But if we want everyone to get quality care, something will have to give and it may not be your money, warn experts
Health Minister Aaron Motsoaledi has warned that R20-billion in annual medical aid tax credits will likely be cut to fund the National Health Insurance (NHI). Your benefits may have just been granted a temporary stay of execution.
Werksmans Attorneys director of health and life sciences practices Neil Kirby says it's unlikely that government would be able to effect changes to medical aid tax benefits in time for the start of the next financial year in April 2018.
Kirby was speaking at the Hospital Association of South Africa's (Hasa) conference in Cape Town this week. Hasa represents private hospitals in the country.
Research produced by economic consultancy Econex found that scrapping the government subsidies could force 2-million people to drop private cover, says the firm's director Mariné Erasmus.
Both Motsoaledi and former finance minister Pravin Gordhan have said that money will be re-routed from these subsidies and into the country's NHI universal healthcare scheme. The NHI, which will entail a series of health reforms, is conservatively expected to cost almost R300-billion by 2025.
Our Laura Lopez Gonzalez asks health minister Aaron Motsoaledi five questions about the National Health Insurance (NHI) and your medical aid.
On paper, South Africa's health funding looks pretty good, says Erasmus. The country spends about 4% of its gross domestic product (GDP) on public health, World Bank data shows.
At this rate, South Africa outstrips even Thailand in public health spending. South Africa's NHI is modelled in part on the Southeast Asian country's successful universal healthcare programme.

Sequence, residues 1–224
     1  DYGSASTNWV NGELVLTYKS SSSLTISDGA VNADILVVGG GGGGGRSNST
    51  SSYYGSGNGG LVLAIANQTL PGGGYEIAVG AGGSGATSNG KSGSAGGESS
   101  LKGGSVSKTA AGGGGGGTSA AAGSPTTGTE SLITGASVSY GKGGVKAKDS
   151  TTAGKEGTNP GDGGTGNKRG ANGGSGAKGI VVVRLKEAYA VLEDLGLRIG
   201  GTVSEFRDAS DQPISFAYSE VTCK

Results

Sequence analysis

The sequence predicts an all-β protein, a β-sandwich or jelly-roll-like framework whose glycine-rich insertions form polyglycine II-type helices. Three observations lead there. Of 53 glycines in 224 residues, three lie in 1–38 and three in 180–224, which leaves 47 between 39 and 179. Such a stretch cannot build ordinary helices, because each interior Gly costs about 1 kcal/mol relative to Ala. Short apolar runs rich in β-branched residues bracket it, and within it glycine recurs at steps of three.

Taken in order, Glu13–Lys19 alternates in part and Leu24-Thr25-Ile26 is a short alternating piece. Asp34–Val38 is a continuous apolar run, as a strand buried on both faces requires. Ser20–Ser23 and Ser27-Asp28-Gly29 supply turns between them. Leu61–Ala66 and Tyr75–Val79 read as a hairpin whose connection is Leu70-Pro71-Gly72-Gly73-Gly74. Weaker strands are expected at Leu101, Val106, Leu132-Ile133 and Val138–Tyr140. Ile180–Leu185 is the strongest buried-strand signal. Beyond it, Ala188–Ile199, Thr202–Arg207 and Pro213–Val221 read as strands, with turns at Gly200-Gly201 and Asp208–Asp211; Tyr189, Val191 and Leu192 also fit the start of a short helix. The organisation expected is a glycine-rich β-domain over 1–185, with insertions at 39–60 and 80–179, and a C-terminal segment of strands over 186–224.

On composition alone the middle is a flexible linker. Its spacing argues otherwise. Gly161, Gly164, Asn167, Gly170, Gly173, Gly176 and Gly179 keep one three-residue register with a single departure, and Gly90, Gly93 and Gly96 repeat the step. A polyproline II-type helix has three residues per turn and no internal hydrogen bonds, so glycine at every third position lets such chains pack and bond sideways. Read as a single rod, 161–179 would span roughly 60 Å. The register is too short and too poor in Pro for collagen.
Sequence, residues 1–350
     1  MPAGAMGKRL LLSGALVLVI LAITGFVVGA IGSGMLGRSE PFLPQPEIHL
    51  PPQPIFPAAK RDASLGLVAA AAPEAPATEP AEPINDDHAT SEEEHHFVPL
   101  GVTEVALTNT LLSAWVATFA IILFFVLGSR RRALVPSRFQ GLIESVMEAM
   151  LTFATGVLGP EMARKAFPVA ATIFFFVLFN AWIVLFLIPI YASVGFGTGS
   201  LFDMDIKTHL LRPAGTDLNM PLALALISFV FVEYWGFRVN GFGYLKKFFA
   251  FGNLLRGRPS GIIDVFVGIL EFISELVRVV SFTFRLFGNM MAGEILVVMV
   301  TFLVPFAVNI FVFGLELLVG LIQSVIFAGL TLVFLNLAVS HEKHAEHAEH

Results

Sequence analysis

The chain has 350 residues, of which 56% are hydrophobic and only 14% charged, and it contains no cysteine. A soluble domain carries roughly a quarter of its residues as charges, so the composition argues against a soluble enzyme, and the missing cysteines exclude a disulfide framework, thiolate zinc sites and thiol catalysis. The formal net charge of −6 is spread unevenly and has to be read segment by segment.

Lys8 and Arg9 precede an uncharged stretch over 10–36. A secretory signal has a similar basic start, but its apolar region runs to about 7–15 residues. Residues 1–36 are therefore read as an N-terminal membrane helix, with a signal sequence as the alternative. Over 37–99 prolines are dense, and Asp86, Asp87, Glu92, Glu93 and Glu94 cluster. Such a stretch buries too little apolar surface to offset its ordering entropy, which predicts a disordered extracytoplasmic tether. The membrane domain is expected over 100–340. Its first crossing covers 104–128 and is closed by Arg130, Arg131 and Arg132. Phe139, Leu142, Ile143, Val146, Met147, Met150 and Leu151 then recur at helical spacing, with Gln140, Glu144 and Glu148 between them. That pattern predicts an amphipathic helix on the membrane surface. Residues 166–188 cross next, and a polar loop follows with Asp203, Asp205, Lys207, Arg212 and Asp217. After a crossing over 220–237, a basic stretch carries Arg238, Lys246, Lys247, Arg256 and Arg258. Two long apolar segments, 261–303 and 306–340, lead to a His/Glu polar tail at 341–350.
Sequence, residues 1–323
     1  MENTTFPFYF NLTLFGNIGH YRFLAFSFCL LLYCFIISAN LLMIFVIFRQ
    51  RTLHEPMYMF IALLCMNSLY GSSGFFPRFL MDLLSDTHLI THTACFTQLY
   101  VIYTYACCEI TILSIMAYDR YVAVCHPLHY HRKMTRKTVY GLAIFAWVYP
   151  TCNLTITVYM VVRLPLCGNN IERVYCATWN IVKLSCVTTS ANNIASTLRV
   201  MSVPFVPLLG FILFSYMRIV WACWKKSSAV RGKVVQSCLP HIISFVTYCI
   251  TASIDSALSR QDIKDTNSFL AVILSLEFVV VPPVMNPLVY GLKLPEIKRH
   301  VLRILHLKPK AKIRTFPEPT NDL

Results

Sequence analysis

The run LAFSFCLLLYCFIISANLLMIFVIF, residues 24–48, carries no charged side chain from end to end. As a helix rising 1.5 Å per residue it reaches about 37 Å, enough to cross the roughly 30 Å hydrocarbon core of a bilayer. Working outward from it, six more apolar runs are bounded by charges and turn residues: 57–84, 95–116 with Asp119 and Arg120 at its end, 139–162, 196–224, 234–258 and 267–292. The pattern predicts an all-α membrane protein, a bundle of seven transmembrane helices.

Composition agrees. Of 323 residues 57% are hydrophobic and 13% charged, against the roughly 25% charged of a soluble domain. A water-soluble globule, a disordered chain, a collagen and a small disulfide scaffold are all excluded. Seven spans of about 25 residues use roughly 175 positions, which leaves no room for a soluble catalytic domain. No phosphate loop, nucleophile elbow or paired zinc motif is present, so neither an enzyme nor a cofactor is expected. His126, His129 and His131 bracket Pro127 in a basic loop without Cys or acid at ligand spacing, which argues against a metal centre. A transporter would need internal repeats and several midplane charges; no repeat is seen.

And South Africa even boasts healthy levels of cross-subsidisation in which wealthier citizen help pay for services for the poorer population, she says. According to an Econex analysis, the top wealthiest 40% of South Africans citizen are paying 85% of healthcare funding nationally: "They're getting a little less than they're paying for, that's how all health systems work, but still get more than they need."
When the same analysis was conducted on just public sector spending, the research firm found similar results.
"If you were to show me these statistics for any other country, I'd say it looks quite alright - people should be getting the services that they are paying for. But [in South Africa] the poor aren't getting what the wealthy are paying for.
"The problem can't then only be one of funding", says Erasmus.
The answer to this riddle may, in part, lie in a recent report by the oversight body, the Office of Health Standards Compliance (OHSC). Between 2014 and 2015, the office's inspectors conducted more than 600 appraisals of public clinics and hospitals across the country. Two out of every three facilities failed inspections.
Conditions were shocking. In one hospital, OHSC staff found sedated patients heaped onto the floor. Inspectors also documented instances in which health workers concealed expired medicines. In some cases, hospitals were found with medication that had expired three years prior.